Words by: Dwayne Wilks
The Harlem Spartan enjoys the solace of his own lane on his debut project, City of God.
Harlem Spartans are one of Drill’s foundational groups, helping to build the sound that is now heard on streets as far east as Brooklyn and as far south as Accra. City of God shows Blanco’s progression since the days of Harlem Spartan anthems like “Kennington Where It Started” that has seen him forge a path as yet unprecedented. He’s ventured beyond the menacing sonics of Drill, instead opting to litter 2020 with bops that are Baile Funk infused – a genre found in the parties and festivals of Rio De Janeiro.
The result was an avant-garde sound that people can’t help but love. The marrying of his slick flow with beats that feel tropical and humid was, and still is, refreshingly new. Although not the very first in the UK Rap scene to incorporate the Baile Funk bounce (producer and rapper Jevon likely lays claim that title), Blanco has brewed a sound that is uniquely his own. City of God sees him draw from all of his influences and each of his interests to craft a captivating debut project.
Some of City of God‘s early tracks like “Pain”, “Dennis Rodman” and “Cerberus” which features Loski and K-Trap feel like nods to Blanco’s more raw Drill beginnings. But even with today’s vogue sounds driving the project’s early section, Blanco exhibits his one-of-one lyricism – absent swear words or profanity, instead, there’s an abundance of allusions to sports and anime used to detail the street life and its caveats. “Asura & Indra” is followed by “Dennis Rodman”, on the latter of which Blanco spits, “I was on the stand with the witness sarge’, tryna’ save man’s skin like I’m Van Der Sar/Jump man, ain’t doing no bungie, black Batman vs Solomon Grundy”.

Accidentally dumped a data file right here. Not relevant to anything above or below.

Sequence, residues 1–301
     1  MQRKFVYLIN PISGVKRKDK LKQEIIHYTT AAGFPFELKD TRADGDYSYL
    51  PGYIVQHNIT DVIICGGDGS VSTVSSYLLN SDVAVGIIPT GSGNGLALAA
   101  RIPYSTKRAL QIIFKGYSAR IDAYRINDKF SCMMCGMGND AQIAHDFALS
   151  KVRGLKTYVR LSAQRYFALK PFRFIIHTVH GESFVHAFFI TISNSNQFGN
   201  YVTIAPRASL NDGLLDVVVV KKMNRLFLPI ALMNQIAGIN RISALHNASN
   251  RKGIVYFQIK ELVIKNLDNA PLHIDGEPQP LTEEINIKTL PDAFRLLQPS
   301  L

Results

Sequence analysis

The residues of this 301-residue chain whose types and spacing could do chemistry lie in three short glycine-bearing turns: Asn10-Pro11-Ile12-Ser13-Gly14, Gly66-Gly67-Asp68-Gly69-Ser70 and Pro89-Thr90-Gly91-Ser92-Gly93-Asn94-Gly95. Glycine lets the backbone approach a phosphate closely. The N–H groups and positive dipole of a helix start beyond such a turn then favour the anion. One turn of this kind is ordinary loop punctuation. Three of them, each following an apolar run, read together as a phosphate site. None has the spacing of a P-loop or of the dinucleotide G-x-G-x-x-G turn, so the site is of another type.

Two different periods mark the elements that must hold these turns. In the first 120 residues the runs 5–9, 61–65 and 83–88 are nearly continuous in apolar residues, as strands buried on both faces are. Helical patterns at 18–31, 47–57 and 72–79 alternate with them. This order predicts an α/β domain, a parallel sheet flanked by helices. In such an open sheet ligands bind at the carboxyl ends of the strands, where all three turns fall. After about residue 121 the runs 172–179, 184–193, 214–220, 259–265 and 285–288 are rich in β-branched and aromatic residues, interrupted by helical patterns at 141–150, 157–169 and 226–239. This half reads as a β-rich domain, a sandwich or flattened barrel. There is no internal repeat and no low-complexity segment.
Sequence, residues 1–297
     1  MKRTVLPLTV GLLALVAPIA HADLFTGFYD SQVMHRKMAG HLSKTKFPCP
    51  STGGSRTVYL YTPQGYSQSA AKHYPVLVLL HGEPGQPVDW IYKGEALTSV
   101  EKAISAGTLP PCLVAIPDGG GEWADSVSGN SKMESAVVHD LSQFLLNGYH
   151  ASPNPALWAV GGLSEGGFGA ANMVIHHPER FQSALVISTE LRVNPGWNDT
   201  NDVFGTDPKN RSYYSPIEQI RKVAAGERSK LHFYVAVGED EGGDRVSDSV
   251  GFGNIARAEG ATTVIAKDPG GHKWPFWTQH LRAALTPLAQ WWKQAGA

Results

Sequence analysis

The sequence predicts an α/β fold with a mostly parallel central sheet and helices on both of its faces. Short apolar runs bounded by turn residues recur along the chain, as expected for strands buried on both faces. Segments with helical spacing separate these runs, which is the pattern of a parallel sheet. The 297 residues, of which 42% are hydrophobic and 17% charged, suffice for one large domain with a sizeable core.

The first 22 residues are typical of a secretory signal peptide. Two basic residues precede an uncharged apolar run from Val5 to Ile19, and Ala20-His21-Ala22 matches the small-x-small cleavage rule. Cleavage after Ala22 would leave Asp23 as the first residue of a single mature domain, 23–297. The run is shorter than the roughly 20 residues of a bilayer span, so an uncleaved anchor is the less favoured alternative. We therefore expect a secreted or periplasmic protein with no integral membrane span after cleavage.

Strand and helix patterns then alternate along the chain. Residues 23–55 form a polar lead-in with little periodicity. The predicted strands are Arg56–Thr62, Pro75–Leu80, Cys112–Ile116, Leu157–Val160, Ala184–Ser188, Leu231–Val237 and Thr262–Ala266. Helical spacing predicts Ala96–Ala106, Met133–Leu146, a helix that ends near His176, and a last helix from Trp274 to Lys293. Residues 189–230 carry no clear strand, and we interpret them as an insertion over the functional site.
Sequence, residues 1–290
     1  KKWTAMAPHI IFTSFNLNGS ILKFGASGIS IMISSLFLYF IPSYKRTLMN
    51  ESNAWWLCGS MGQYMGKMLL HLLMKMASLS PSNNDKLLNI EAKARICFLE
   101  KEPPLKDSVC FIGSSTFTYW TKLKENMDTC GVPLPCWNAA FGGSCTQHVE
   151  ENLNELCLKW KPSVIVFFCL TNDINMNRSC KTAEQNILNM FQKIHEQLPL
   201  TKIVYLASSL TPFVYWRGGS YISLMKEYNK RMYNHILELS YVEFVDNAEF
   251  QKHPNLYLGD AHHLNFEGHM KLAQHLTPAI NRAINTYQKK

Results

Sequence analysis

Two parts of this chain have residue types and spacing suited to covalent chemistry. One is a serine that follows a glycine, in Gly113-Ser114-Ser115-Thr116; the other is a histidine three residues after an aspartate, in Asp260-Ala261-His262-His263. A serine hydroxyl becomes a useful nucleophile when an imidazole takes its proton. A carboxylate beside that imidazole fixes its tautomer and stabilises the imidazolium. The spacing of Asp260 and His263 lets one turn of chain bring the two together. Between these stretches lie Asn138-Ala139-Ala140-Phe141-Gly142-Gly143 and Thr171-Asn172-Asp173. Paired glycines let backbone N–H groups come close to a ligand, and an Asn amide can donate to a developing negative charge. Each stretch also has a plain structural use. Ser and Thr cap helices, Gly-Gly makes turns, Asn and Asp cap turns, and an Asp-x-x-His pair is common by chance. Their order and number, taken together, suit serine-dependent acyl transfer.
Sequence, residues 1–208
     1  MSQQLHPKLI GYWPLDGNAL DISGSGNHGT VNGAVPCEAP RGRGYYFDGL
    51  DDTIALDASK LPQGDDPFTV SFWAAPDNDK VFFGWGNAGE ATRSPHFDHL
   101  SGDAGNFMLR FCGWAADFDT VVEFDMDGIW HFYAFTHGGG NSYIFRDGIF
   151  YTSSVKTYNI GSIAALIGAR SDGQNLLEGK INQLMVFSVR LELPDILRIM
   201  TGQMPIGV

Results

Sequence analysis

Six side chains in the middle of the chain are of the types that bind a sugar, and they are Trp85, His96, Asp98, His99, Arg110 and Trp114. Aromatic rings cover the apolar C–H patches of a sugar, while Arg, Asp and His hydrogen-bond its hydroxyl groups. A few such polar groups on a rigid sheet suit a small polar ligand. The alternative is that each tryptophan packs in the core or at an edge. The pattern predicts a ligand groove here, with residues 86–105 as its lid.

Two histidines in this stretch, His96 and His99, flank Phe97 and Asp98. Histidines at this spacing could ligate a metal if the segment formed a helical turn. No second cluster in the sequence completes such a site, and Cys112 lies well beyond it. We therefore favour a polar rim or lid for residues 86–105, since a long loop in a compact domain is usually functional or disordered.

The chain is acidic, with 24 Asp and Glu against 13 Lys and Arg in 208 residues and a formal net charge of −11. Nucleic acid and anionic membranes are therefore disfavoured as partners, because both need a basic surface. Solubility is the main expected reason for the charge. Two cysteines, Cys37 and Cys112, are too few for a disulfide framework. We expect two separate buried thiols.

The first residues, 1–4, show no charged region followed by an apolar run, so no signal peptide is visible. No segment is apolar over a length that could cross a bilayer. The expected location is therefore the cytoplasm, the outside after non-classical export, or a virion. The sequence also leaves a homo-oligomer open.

A glance at the tracklist is all it takes to see the inspirations from which City of God is comprised.“Pain”, “Asura & Indra”, “Shippuden”, and “Itachi” all references to the anime and manga Naruto (and its follow up Naruto Shippuden) and some of the tracks even include audio from the show. “TSG”, “Surveillance” and “Time Out” all being allusions to the police. And of course, the project’s name derives from the multi-award winning and Academy Award nominated Brazillian film City of God (Cidade de Deus) – the influence from which is more stylistic in the inclusions of the Baille Funk elements on records across the project as well as the shared narratives of criminality and the struggles to escape it.
Blanco‘s skippy, punchline heavy flow sits most comfortably on the Baile Funk-Drill fusion sound that is essentially patented as his own, phased in towards the middle of the tape. Onward from last year’s summer hit “Shippuden” he delivers “Time Out” which opens with a skit from fellow Harlem Spartan, the late Bis which sets the somehow poignant mood of the track despite the Baile Funk bounce employed and bars like “In the field looking like Kante’s heatmap”. This mood carries on to the next track “Fala”. Progressing from his usual subject matter, “Fala” finds in a Blanco reflective mood as he raps “Favelas, I was raised in the slums/Seeing mum speaking in tongues/Seeing tugs speaking with guns/See a gun, breaching a lung” around the Portuguese sample that functions as an infectious hook.
“Surveillance”, supported by NSG, is a natural fit of styles with the two acts bringing their respective warm weather vibes to the table. “TSG” again borrows the Baile Funk bounce of Brazil to great effect, while “Safe Space” closes the project on a personal and honest note. By the time you get to the end of the mixtape, Blanco has demonstrated that he is in a space that only he can occupy. His Angolan background, his integration of his love for football and anime and his easy, slick flow all merge to form a project that no one else in the scene should try to replicate. Until Blanco decides to return with more favela-inspired anthems, City of God gives us more than enough to bop, sing along and samba to.